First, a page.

Truth may be stranger than fiction as Mark Twain once said. Yet fiction often speaks truth to reality. In the case of civilization living under the dagger of Covid-19, many are turning to books and plays for distraction and pleasure. While some might read Waiting for Godot in hopes that the quarantines and the disease will soon pass, or Sinclair Lewis’ account of malaria in Arrowsmith, a better read would be both Albert Camus’s The Plague and The Stranger. Together they capture the absurdity and tragedy of life in the age of Covid-19, one full not necessarily of one where people pull together but instead cast a wary eye toward others, seeing in others the face of death or danger.
Albert Camus (1913-1960) was a French playwright and existential philosopher. While born in Algeria, he was in Paris when the Nazis invaded, fleeing the city and becoming a member of the resistance and underground. He, along with Jean-Paul Satre, were two of the most famous exponents of French Existentialism, a theory of philosophy that rejected any inherent meaning to life as well as emphasizing often the tragic incoherence of human existence. French Existentialism was honed during WW II at a time when France and the world were literally fighting a battle for existence, with Nazi Germany vowing a final solution for Jews and the reality of death everywhere.
As part of the French Underground Camus had to constantly fear others. Who were your friends or enemies? Could someone you thought be loyal rally be a spy or simply turn on you for no apparent reason. Instead of finding comfort in others the French Resistance instilled a sense of paranoia and fear of others. The look of others, their close contact, or trusting them too much could result in a betrayal. Strangers were to be feared and contrary to Blanch DuBois of a Street Car Named Desire, one should not rely upon their kindness.
The Stranger is the story of Meursault, a person who receives a telegram that his mother has died. He goes to her funeral, meets a woman with whom he becomes involved, and then faces trial for the killing of an Arab. As Camus describes the murder:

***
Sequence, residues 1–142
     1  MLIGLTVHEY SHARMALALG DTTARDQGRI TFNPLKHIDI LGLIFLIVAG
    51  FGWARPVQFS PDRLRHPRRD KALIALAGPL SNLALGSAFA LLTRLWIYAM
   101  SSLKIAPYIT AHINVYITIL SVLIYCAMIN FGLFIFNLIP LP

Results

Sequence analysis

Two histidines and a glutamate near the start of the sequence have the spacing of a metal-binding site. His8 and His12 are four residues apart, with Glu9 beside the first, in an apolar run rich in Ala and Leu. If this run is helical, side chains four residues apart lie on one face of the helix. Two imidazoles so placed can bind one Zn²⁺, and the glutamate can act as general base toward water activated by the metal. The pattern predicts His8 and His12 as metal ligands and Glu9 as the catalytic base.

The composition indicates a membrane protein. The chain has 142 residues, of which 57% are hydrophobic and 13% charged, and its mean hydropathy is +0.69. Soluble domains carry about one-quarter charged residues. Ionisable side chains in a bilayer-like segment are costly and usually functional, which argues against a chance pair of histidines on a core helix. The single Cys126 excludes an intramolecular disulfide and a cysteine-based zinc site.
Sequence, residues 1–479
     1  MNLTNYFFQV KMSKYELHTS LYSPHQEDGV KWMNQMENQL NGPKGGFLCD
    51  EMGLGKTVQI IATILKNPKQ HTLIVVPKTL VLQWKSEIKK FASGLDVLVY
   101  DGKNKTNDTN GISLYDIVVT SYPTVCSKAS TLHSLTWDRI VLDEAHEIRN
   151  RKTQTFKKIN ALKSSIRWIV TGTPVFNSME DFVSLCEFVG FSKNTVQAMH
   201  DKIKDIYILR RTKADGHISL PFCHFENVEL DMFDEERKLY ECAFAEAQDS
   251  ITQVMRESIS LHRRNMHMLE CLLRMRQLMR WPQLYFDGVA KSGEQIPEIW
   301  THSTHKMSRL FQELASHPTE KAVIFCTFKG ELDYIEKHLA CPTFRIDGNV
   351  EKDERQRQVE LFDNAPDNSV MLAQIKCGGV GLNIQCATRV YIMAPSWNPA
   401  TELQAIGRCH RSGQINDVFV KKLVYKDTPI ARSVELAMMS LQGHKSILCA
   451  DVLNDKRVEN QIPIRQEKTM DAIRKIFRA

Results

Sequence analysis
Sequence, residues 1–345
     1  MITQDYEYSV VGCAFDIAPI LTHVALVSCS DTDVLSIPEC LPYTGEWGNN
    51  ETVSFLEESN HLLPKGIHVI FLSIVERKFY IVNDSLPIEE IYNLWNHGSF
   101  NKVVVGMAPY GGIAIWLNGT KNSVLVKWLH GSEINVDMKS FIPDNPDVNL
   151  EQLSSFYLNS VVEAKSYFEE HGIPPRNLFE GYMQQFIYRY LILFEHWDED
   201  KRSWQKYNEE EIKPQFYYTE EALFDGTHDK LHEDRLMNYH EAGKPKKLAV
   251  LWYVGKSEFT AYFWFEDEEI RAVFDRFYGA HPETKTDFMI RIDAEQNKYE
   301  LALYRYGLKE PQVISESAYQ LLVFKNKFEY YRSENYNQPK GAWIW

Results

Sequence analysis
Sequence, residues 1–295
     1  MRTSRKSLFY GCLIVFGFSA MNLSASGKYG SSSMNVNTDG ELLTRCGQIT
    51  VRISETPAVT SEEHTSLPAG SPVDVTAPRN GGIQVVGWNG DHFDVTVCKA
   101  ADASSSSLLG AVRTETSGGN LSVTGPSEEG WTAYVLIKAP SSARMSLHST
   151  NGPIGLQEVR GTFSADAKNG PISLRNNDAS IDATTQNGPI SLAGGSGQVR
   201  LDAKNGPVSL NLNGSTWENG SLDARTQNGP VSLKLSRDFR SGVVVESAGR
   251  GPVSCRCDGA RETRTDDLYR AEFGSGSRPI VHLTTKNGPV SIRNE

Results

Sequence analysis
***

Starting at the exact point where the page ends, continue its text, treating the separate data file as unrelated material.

On seeing me, the Arab raised himself a little, and his hand went to his pocket. Naturally, I gripped Raymond’s revolver in the pocket of my coat…After all, there was still some distance between us….I couldn’t stand it any longer, and took another step forward. I knew it was a fool thing to do.”
The two, the Arab and Meursault, both fear one another and their glances for reasons not completely known. There is no premeditation for the murder, as becomes clear in Meursault’s trial. The absence of a viable explanation is used as evidence of callous indifference for life that leads to his conviction and execution. Yet distrust, paranoia, or simply the fear of the look or glance of the other and not knowing what he might do is perhaps the real reason. The look of the stranger might simply be the most primordial rule of survival, kill or be killed.
Fear of the other is central also to Camus’ other major novel, The Plague. Here, a fictionalized account of a plague spread by rats running rampant through a community spews fear of one another as they are seen as a source of disease.
He has an insight into the anomalies in the lives of the people here who, though they have an instinctive craving for human contacts, can’t bring themselves to yield to it, because of the mistrust that keeps them apart. For its common knowledge that you can’t trust your neighbor; he may pass the disease to you without your knowing it, and take advantage of a moment of inadvertence on your part to infect you.
The Stranger but especially The Plague are stories for our times as Covid-19 ravages across the world. The Plague follows the pattern of the five stages of death described by Elizabeth Kübler-Ross and then told in the 1979 All That Jazz with Roy Scheider fictionalizing Bob Fosse. It is how a community goes from denial, anger, bargaining, depression and to acceptance that the plague is real and will kill. This is Trump’s world. It is a blend of Camus and a Kübler-Ross in an absurd political tragedy in the age of Trump.
When the plague first breaks out in Camus’ play, denial was the word of the day. So too was it with Donald Trump.
No one wished to acknowledge the disease. Yet “when the Ransdoc Bureau announced that 8,ooo rats had been collected, a wave of something like panic swept the town. There was a demand for drastic measures, the authorities were accused of slackness, and people who had houses on the coast spoke of moving there, early in the year though it was. But next day the bureau informed them that the phenomenon had abruptly ended and the sanitary service had collected only a trifling number of rats. Everyone breathed more freely.
A mere false alarm. But the false alarm was not. It could no longer be denied.
The word “plague” had just been uttered for the first time. At this stage of the narrative, with Dr. Bernard Rieux standing at his window, the narrator may, perhaps, be allowed to justify the doctor’s uncertainty and surprise, since, with very slight differences, his reaction was the same as that of the great majority of our townsfolk. Everybody knows that pestilences have a way of recurring in the world; yet somehow we find it hard to believe in ones that crash down on our heads from a blue sky. There have been as many plagues as wars in history; yet always plagues and wars take people equally by surprise.